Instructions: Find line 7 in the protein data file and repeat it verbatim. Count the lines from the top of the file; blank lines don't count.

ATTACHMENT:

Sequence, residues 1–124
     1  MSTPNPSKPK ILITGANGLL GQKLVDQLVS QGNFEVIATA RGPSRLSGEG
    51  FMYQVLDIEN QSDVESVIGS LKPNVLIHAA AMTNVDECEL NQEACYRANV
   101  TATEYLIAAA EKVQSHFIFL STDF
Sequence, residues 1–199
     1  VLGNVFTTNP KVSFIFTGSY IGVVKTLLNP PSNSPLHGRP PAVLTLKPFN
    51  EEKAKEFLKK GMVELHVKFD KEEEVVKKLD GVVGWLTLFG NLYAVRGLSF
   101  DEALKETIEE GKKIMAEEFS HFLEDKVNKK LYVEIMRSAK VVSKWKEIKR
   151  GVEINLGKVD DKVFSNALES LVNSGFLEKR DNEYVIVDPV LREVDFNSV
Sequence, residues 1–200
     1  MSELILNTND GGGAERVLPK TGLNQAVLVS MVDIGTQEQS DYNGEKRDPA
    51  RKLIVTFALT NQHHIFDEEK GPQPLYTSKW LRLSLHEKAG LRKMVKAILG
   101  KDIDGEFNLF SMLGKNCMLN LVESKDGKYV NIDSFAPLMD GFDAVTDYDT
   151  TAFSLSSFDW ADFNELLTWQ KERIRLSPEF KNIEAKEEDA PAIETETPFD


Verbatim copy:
    51  EEKAKEFLKK GMVELHVKFD KEEEVVKKLD GVVGWLTLFG NLYAVRGLSF